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May 1, 2015

What befell the protectors of the workforce


May 1, 2015

Today, dozens of trade union associations and labour wings of political parties will mark the 129th International Labour Day by organising several gatherings and rallies across the city.
Leaders and trade union activists believe that working conditions of labourers in Pakistan still border on the deplorable, mainly due to the weakening of the trade union movement of yesteryears.
A report issued yesterday by the Pakistan Institute of Labour Education and Research (Piler) suggests that there are 1,209 registered trade unions in the country with a total membership of 245,383, meaning that less than one percent of the labour force are unionised workers.
Sartaj Khan, a Karachi-based independent researcher studying labour movements, was of the view that neo-liberal policies and their direct ramifications have had a negative impact on trade union movements in Pakistan.
“Also, the Industrial Relations Ordinances introduced over the past years have also excluded a number of industries from the right of association, further affecting the labour movement,” Khan told The News.
Some labour activists associate the weakening of the labour movement with the capitulation of the Soviet Union and Zia’s dictatorial regime. Ayub Qureshi, a trade unionist associated with the Pakistan Trade Union Federation, said that Zia’s period not only weakened genuine political parties, trade union and student movements, but also damaged the trade union movement by forming phony associations and introducing corruption in the labour judiciary.

Divisions galore
Trade unions are legal entities formed to protect the interests of workers and prevent discriminatory and unfair labour practices. The constitution of Pakistan, as well as International Labour Organisation (ILO) conventions and United Nations declarations, all allow workers the right to form their associations or unions.
Pakistan’s population in 2012 was estimated at 180 million and, on

the basis of this population, the total labour force is estimated to be 60 million, according to an ILO report.
Activists say that the trade union movement in Pakistan has lost its momentum after divisions surfaced on the basis of political affiliations and ethnicity, and now the labour force is divided in several individual unions, federations and confederations.
Hundreds of small unions participate in elections or referendums in the country’s major industrial cities, especially Karachi and Lahore. However, trade union activists say the labour laws are also barring the workers from exercising their fundamental right to form trade unions.
Labour laws, with the exception of the Sindh Industrial Relations Act 2010, still exclude agricultural workers – who constitute 43.7 percent of the total work force – workers in administration, civil service, army, social sector (education and health), export processing zones and several public sector establishments from the right to form trade unions, the PILER report states.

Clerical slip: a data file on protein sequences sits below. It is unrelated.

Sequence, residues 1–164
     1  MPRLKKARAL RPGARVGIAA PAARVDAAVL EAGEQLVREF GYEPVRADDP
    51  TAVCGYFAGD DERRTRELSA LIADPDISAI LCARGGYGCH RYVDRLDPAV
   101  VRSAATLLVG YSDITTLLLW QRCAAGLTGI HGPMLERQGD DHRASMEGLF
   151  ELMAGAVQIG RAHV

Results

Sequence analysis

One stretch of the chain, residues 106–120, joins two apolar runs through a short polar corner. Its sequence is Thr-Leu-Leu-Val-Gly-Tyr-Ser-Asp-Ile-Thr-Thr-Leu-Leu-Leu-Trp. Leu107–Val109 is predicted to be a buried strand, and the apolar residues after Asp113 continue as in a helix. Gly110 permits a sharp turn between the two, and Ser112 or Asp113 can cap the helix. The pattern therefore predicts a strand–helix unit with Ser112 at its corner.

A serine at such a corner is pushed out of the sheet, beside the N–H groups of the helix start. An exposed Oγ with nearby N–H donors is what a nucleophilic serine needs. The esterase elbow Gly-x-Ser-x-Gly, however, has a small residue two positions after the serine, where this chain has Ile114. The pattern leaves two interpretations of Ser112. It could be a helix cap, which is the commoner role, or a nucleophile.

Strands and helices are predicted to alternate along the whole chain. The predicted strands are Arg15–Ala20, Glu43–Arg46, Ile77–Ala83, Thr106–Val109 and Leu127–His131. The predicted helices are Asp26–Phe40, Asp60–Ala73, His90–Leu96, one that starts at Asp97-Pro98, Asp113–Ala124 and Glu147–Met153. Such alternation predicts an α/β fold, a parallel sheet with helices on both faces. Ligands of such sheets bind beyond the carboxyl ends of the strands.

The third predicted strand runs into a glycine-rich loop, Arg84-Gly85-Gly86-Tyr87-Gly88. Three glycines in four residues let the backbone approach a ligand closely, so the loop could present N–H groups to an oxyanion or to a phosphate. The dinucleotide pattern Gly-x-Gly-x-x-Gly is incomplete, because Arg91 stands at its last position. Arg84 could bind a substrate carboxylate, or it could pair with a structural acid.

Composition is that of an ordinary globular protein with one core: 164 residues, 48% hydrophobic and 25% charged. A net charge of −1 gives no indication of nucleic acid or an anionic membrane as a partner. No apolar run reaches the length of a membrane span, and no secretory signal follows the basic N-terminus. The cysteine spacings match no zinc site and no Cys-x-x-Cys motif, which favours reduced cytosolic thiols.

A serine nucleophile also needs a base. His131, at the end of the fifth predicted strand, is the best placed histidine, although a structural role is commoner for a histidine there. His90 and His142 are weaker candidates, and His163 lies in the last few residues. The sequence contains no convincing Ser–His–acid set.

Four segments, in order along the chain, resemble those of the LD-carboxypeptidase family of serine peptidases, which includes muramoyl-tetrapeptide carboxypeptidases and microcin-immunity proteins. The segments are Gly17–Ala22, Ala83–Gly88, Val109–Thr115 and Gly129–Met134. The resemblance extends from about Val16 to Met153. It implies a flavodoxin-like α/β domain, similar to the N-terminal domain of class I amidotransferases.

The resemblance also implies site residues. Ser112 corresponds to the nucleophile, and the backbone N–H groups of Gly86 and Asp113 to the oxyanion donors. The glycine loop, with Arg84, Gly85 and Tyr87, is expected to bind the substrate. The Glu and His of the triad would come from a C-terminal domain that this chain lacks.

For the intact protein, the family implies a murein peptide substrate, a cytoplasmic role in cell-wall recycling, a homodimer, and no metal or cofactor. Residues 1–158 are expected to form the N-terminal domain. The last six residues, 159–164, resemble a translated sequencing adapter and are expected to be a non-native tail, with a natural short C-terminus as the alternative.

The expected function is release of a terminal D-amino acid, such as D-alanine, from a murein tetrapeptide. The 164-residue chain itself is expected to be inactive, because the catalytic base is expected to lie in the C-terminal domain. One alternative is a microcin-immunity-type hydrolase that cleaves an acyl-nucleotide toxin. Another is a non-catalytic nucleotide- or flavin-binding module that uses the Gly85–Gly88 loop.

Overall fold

Invasive politics
Activists also say that interference of political parties has also maligned the effectiveness of trade unions. Qureshi feels that workers should not go with political or religious parties and should support their own trade unions, so that they could gain back the sort of power they had in the 1970s.
Currently, Pakistan’s trade unions are affiliated with either political and religious parties or traditional and independent federal trade union organisations – all of them are mainly active in public sectors.
The most prominent of the former class is the People Labour Bureau (PLB), which is allied with the Pakistan People’s Party (PPP). The Pakistan Muslim League – Nawaz and the Muttahida Qaumi Movement has its own labour wings, while the National Labour Federation is a labour wing of the Jamaat-e-Islami. Some of the independent and centrist unions are Muttahida Labour Federation, Pakistan Trade Union Federation, National Trade Union Federation and the Pakistan Workers Federation.
Qureshi said that when the PPP formed the PLB, there were mass protests against the move and trade unionists at that time demanded that the party leadership focus on organisation at workplaces instead.

A tarnished cause
Background interviews with workers in various factories in Karachi reveal that a number of political and religious leaders, who are posing as trade unionists, have been working in factories as labour officers or serving as office-bearers of ‘pocket unions’.
“Political and religious parties active in different areas are not only forcibly stopping workers from forming trade unions, but are also dividing workers on a political and sectarian basis,” said Gul Hasan, a trade union leader at a textile mill in the Korangi Industrial Area.
He said that, in some industrial units, managements have formed ‘pocket unions’ whose leaders are from locally influential political parties.
In some cases, as trade union leaders in SITE area say, factory managements have been using religious and jihadi groups to refrain workers from observing strikes for their demands.
Labour activists believe that the formation of a labour wing by the Ahl-e-Sunnat-Wal-Jamaat has set a new trend and other sectarian groups would also follow suit.
Sartaj Khan also feels that sect-based religious parties are replacing ethno-political parties by forming their own labour wings, and that this trend is on the rise in industrial areas and residential neighbourhoods.
Industrialists, too, are worried about increasing in interference of political and religious parties in factory affairs. A manager of a garment factory in Landhi said that political and sectarian parties were forcing them to recruit their party workers and to expel workers associated with rival groups.

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